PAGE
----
Medicaid Gross Income and Deductions Limits

Medicaid is a state-run program that helps people to afford their medical bills. There is more to determining eligibility for Medicaid than simply a person's income. Only people with certain circumstances and who meet particular limits for their modified adjusted gross income will qualify for the program. The Affordable Care Act proposes to make amendments to these requirements in 2014.

Gross Income

The limits for an applicant's gross income and assets are dependent upon the state in which he resides. Each state sets a level for the modified adjusted gross income of a person who wishes to qualify for Medicaid. Your modified adjusted gross income is your adjusted gross income, found on line 38 of Form 1040, plus additions for several tax deductions you previously subtracted to determine adjusted gross income. These deductions include: individual retirement account contributions, tuition and fees deduction, student loan interest deduction, foreign earned income that was excluded, adoption benefits deduction for the amount received from your employer and foreign housing deduction. Once you add these back to your adjusted gross income, you can determine whether you meet the modified adjusted gross income for your state. For many states, the modified adjusted gross income level begins at the federal poverty line.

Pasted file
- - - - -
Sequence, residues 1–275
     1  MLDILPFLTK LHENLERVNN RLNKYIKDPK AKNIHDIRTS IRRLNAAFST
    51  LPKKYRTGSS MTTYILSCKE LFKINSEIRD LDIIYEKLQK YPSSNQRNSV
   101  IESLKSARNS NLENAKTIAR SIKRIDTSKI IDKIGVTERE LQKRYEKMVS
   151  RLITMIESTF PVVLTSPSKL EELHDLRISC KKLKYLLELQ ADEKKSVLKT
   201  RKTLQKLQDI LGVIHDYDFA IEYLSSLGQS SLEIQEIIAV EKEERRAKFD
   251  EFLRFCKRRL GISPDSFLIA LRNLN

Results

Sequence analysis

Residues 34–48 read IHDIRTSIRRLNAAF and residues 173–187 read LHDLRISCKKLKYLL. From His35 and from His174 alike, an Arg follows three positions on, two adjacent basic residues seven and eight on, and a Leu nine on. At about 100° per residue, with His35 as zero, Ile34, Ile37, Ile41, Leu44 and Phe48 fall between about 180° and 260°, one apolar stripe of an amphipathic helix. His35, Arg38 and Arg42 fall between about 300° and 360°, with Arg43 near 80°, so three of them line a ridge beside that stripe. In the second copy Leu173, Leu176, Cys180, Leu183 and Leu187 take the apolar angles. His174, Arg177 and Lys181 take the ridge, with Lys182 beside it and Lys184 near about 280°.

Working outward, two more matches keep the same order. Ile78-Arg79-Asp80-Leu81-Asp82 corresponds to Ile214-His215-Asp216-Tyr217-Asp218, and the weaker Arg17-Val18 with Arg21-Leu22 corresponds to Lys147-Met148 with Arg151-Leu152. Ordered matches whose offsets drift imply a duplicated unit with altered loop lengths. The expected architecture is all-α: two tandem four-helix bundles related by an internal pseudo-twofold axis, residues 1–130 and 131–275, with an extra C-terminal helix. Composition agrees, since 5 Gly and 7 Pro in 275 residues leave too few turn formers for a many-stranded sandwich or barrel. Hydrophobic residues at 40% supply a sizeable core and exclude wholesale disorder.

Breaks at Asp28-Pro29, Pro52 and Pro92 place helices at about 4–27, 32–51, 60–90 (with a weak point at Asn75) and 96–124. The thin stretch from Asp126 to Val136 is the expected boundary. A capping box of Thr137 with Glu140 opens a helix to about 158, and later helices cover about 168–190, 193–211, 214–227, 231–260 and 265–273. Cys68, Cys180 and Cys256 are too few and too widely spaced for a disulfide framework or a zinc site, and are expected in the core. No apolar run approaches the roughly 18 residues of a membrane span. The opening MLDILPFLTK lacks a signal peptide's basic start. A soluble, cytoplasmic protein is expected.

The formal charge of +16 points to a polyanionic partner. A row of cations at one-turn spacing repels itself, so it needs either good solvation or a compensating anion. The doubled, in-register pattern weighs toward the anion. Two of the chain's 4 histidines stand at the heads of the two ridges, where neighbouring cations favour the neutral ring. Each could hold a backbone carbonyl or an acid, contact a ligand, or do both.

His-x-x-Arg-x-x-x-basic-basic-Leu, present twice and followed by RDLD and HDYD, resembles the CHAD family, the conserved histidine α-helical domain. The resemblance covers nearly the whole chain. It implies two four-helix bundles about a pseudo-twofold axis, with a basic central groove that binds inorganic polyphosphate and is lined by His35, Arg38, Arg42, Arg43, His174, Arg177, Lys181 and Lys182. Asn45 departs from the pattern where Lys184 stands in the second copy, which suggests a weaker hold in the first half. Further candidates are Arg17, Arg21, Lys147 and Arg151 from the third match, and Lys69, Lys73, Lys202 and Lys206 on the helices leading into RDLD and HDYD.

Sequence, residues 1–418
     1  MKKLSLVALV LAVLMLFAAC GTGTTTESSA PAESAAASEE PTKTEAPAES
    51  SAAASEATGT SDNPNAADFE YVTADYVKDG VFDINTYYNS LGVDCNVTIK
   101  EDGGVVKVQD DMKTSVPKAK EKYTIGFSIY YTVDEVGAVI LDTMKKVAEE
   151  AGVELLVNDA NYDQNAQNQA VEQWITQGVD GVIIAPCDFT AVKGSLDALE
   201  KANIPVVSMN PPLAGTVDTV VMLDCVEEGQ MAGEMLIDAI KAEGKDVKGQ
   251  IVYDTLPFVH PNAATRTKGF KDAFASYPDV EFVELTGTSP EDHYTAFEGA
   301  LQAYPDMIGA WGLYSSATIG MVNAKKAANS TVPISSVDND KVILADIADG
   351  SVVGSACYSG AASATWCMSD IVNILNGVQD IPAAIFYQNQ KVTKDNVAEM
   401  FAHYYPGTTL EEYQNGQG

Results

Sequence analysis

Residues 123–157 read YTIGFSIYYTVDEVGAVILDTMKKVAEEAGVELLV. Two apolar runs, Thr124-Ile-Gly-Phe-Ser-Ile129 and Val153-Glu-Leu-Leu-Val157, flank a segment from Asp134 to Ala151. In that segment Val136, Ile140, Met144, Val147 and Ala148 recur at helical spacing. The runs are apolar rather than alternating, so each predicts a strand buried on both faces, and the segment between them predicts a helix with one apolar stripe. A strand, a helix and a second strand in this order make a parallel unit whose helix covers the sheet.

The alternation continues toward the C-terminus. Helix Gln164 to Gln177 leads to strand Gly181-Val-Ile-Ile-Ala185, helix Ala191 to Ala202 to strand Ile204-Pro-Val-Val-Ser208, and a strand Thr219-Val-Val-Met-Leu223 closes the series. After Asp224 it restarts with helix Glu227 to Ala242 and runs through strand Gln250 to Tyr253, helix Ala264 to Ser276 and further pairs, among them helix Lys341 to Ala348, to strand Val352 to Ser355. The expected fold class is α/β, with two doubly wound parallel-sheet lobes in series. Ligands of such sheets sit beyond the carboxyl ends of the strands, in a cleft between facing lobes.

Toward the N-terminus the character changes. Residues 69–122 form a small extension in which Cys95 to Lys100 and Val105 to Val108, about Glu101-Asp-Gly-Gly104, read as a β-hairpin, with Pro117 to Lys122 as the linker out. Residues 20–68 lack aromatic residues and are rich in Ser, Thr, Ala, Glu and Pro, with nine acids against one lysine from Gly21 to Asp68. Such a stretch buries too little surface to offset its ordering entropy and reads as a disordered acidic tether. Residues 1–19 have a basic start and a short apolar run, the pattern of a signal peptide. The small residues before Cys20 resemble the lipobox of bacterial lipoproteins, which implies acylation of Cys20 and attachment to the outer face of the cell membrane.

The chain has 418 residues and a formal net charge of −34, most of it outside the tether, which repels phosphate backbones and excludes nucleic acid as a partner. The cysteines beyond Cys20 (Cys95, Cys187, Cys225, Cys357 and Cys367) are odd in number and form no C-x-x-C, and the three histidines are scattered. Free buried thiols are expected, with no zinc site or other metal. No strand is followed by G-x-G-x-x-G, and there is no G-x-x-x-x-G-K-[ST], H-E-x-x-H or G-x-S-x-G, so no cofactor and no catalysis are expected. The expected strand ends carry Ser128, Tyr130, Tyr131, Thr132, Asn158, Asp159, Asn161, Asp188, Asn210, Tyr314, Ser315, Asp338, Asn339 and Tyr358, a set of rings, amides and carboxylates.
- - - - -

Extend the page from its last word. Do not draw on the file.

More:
Assets

In some states the amount of assets you own may affect your eligibility for Medicaid coverage. Assets include any retirement or saving accounts, savings bonds, your home, inheritances and any other type of security or property that could be exchanged for cash. The guidelines for how your assets will affect your eligibility depend on the state in which you reside.

Individual Limits

Individual circumstances aid in determining whether or not you are eligible to receive Medicaid, as it is not solely based on income and assets. Other determinants include whether you are pregnant or have children under the age of 18 who reside at home with you. The children do not necessarily have to be your own. If you are their legal guardian, you may still qualify. If you are over the age of 65, blind, disabled or terminally ill, you may also qualify. If any of the above situations apply and you are either leaving welfare or have existing medical bills you cannot pay, you may be approved as well.

Proposed Changes by the Affordable Care Act

The Affordable Care Act proposes to make changes that affect the eligibility of certain individuals for receiving Medicaid coverage. If put into effect, all individuals from ages 19 to 65 whose income is at or below 133 percent of the federal poverty level for the pertinent year will be eligible to receive Medicaid. The Act will also create a more simplified income test and streamline the enrollment process for applicants while allowing an individual to remain enrolled for up to 12 months if no changes in circumstances occur during that time period. The states will still largely govern and run their Medicaid programs, with the baseline eligilibility requirements set by the federal government. These changes are currently set to take place in 2014.